This winter might be one of Arctic chill but that doesn’t mean there’s not hot new hotels to get your wanderlust flowing.
The UK has welcomed a flock of incredible places to stay over recent months. Raffles London at The OWO has grabbed much of the attention, taking pride of place as part of the massive transformation of an Edwardian Baroque building in the heart of Whitehall.
Outside the capital, a Lake District favourite has been given an exciting facelift, with Langdale Chase more delightful than ever, while Surrey’s grand mansion of Beaverbrook now has a sister in which to stay in the form of The Village. In the West Country, one of Somerset’s top restaurants, Holm, has added a string of rooms – making it more destination dining than ever.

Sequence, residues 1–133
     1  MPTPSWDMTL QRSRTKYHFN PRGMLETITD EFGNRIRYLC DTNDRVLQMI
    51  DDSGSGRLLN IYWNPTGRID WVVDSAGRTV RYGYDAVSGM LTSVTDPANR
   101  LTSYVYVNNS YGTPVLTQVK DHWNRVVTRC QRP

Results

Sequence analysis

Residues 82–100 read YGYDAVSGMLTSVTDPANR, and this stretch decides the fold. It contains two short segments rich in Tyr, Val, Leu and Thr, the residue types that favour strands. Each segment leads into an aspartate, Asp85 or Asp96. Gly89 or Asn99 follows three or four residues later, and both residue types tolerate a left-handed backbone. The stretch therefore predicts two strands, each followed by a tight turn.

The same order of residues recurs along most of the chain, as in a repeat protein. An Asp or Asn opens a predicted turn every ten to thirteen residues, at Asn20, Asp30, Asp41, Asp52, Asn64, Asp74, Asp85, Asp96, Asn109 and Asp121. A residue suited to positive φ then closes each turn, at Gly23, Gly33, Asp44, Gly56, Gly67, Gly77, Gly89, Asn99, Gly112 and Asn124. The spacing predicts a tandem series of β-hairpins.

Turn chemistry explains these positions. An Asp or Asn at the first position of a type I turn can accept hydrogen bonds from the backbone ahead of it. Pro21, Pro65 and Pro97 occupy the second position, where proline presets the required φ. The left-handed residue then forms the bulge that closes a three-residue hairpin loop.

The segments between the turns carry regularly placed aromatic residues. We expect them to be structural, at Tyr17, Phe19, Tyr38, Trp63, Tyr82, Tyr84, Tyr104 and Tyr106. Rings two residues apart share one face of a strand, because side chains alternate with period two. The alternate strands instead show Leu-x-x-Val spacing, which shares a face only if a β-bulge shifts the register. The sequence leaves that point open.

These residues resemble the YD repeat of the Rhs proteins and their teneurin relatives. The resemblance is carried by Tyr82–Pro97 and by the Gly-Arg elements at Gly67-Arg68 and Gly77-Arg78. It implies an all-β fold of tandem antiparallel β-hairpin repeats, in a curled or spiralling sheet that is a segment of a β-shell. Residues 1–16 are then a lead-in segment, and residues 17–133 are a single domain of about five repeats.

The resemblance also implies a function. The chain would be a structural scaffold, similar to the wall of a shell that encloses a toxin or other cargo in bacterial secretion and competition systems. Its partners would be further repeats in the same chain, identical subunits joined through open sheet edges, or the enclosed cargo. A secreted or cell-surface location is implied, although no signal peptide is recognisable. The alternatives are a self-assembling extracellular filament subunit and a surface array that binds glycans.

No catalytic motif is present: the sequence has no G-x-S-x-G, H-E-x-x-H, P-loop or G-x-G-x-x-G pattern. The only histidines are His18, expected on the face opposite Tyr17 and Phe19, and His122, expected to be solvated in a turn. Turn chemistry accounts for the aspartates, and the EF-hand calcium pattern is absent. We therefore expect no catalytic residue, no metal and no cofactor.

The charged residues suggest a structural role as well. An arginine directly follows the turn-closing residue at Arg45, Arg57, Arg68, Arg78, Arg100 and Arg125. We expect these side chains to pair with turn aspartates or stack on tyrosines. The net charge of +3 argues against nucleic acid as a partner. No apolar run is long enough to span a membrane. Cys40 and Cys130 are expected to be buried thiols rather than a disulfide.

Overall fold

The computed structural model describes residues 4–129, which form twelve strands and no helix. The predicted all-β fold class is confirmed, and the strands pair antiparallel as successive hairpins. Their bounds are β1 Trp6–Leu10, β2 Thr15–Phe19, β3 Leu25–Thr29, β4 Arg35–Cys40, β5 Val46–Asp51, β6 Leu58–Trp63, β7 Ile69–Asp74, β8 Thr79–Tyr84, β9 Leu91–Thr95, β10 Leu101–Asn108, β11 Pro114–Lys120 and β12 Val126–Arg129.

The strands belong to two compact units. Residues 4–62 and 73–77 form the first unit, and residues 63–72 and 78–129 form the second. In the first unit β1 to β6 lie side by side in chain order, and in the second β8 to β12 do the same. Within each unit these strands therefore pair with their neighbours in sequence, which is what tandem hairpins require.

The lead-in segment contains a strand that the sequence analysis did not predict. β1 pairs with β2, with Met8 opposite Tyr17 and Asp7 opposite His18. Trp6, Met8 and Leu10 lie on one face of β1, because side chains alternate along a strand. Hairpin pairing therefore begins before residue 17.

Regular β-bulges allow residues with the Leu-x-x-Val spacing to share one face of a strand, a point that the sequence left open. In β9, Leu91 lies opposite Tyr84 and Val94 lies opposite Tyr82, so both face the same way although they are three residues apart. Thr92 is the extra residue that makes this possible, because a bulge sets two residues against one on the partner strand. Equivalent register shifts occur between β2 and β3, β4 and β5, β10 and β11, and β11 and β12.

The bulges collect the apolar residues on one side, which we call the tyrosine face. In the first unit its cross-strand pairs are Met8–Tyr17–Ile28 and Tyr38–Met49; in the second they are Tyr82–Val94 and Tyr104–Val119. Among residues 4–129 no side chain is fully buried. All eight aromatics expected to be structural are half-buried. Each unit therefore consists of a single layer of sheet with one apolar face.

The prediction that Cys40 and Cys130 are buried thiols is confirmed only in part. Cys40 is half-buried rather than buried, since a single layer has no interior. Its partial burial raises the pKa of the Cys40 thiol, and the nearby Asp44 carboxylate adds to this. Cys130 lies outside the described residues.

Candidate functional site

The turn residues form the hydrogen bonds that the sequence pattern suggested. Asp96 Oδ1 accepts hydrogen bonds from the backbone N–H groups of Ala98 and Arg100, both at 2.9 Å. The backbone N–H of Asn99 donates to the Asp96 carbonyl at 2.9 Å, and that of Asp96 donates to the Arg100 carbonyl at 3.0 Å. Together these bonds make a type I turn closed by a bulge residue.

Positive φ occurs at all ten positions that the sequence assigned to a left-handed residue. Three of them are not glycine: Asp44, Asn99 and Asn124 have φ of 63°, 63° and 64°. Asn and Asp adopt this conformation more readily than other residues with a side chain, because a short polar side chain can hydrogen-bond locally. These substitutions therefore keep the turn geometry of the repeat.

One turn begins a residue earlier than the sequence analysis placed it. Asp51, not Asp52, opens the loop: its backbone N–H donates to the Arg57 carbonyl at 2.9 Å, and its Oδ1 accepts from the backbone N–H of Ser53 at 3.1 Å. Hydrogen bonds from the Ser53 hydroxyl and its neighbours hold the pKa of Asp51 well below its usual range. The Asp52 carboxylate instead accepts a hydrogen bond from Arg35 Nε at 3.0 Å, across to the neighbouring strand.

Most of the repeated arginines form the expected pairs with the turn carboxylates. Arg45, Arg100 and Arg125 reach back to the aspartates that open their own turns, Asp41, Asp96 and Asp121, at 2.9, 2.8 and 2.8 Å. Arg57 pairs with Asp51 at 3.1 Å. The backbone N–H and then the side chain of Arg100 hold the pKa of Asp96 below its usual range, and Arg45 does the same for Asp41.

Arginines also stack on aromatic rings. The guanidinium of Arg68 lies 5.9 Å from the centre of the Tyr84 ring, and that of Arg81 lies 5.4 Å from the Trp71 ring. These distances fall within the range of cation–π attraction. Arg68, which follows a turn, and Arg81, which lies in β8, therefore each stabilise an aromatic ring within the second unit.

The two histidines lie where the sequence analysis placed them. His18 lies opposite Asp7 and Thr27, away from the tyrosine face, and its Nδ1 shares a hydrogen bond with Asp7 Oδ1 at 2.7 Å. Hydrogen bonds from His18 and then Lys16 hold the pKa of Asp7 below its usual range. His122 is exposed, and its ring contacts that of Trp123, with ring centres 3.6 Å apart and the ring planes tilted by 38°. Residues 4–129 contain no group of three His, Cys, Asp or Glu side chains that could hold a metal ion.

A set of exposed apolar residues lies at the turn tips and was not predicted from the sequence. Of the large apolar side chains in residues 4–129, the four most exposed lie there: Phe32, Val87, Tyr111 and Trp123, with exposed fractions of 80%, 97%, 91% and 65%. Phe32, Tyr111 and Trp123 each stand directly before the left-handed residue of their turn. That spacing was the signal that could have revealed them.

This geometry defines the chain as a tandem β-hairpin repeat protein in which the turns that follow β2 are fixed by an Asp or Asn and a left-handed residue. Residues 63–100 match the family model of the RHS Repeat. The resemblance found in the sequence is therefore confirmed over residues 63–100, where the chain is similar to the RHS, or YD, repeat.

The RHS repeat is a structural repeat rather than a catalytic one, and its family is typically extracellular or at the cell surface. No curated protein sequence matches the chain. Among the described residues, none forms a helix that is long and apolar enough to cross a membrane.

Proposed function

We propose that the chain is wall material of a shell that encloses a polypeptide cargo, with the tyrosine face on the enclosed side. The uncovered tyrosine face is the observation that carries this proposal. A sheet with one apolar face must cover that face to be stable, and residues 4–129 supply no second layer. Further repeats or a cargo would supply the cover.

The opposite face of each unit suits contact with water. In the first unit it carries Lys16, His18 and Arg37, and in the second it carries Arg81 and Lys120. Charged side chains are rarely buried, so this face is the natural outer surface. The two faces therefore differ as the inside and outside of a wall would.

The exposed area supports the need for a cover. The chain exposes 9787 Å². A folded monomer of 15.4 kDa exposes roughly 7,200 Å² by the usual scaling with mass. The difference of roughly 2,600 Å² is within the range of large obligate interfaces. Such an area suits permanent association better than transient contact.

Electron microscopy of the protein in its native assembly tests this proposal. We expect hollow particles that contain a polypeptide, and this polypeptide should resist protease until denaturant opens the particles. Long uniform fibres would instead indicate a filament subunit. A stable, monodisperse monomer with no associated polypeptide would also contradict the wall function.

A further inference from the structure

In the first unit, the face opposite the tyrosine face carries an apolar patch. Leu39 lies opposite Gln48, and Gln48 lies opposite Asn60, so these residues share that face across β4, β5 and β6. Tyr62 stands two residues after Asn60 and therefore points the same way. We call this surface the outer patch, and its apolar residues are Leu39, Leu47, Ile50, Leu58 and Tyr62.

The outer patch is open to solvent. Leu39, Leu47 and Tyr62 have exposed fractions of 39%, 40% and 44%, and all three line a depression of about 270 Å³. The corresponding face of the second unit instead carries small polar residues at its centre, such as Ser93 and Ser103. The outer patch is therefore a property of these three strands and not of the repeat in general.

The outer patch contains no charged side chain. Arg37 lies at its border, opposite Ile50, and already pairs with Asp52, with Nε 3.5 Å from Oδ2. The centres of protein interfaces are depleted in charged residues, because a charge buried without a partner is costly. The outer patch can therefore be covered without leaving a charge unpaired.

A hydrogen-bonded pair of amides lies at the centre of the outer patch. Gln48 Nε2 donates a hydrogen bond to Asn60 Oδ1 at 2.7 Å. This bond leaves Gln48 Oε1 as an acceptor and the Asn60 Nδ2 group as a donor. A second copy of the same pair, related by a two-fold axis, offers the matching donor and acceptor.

Here’s where to stay if you want to get away and experience something new.
Raffles London at The OWO
It’s been a bumper year for swish hotel openings in London, with the arrival of The Peninsula London, art’otel Battersea and The BoTree to name but a few. Latest to add to the list is the long-awaited Raffles London at The OWO, which has seen the Old War Office – an imposing Edwardian Baroque building in the heart of Whitehall – transformed by way of a seven-year, £1.5bn investment into the polished, ultra-elegant UK debut from Raffles Hotels and Resorts.
Fittingly, given The OWO was once an epicentre of British government, Raffles has enlisted a raft of today’s heavyweight creative talent to ensure fresh intrigue for guests. As well as restored original features, such as the photogenic marble grand staircase, 120 bedrooms – including plush heritage suites inside Winston Churchill and John Profumo’s offices – have been designed by the late Thierry Despont, who, during his career, reimagined the Statue of Liberty and The Ritz, Paris.